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Weekly Overview: Mass Fish Death Caused by Pollution, Vietnam Confirms

Health Sustainability Economics +3 more

ANALYSIS - The Vietnamese government has announced that the Formosa Ha Tinh Steel Corp was the cause of mass fish deaths in the country.

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According to the investigation, the steel plant discharged industrial waste into the ocean, containing harmful chemicals such as phenol, cyanide and iron hydroxides, reported TheDiplomat.

In a written statement that company’s chairman, Chuan Yuan-Cheng, said: “We respect the government’s investigation results and are cooperating with the authorities to handle and mitigate the consequences.”

In other news, there is much speculation as to how the UK's exit from the EU will affect the Alaskan seafood market. The value of the Euro, British Pound and the Yen have all dropped significantly against the US dollar since the announcement, making US seafood products more expensive.

This could be especially hard on canned salmon sales which make up nearly 70 per cent of Alaska exports to the UK. Canned sales last year were valued at $23 million for sockeyes and nearly $9 million for canned pinks. Alaska also saw big increases in sales of frozen pinks to the UK last year, said Laine Welch, in her column.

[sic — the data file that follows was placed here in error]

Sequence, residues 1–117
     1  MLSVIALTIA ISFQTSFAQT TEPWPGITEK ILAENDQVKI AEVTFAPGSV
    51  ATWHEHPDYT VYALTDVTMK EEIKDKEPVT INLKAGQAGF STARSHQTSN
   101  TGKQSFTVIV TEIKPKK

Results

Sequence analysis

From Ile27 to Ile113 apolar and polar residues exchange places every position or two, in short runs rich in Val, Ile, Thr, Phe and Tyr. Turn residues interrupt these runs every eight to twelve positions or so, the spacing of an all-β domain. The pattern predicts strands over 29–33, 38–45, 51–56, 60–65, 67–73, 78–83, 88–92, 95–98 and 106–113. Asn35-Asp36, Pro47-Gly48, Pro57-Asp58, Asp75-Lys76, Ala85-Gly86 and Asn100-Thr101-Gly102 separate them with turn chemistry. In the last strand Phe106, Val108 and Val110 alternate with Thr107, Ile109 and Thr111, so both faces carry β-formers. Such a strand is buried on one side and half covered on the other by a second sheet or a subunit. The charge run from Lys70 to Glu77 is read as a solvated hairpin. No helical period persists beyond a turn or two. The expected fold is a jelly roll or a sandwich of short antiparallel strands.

“Just the EU alone represents about 25 per cent of our export market so that really all affects all species, notably pollock and cod, so it’s pretty concerning,” said Tyson Fick, Communications Director for the Alaska Seafood Marketing Institute.

“It’s still speculative, but anything that has a negative effect on currency values relative to the dollar hurts exports. I do expect we will continue to be strong trading partners with both with the UK and the EU, I guess separately now," Mr Fisk added.

Also this week, India's Odisha State government has partnered with WorldFish to sustainably boost aquaculture in the state.

WorldFish will provide support to increase the productivity of aquaculture through improvements in seed, technology and farming systems.

The partnership will also focus on improving the value chain for aquaculture products in Odisha with a view to having an impact on human nutrition, where over 25 per cent of children under five in rural parts of the state suffer from acute malnutrition.

In the long-term, the goal is to foster a sustainable aquaculture sector in which the private sector will be more willing to invest.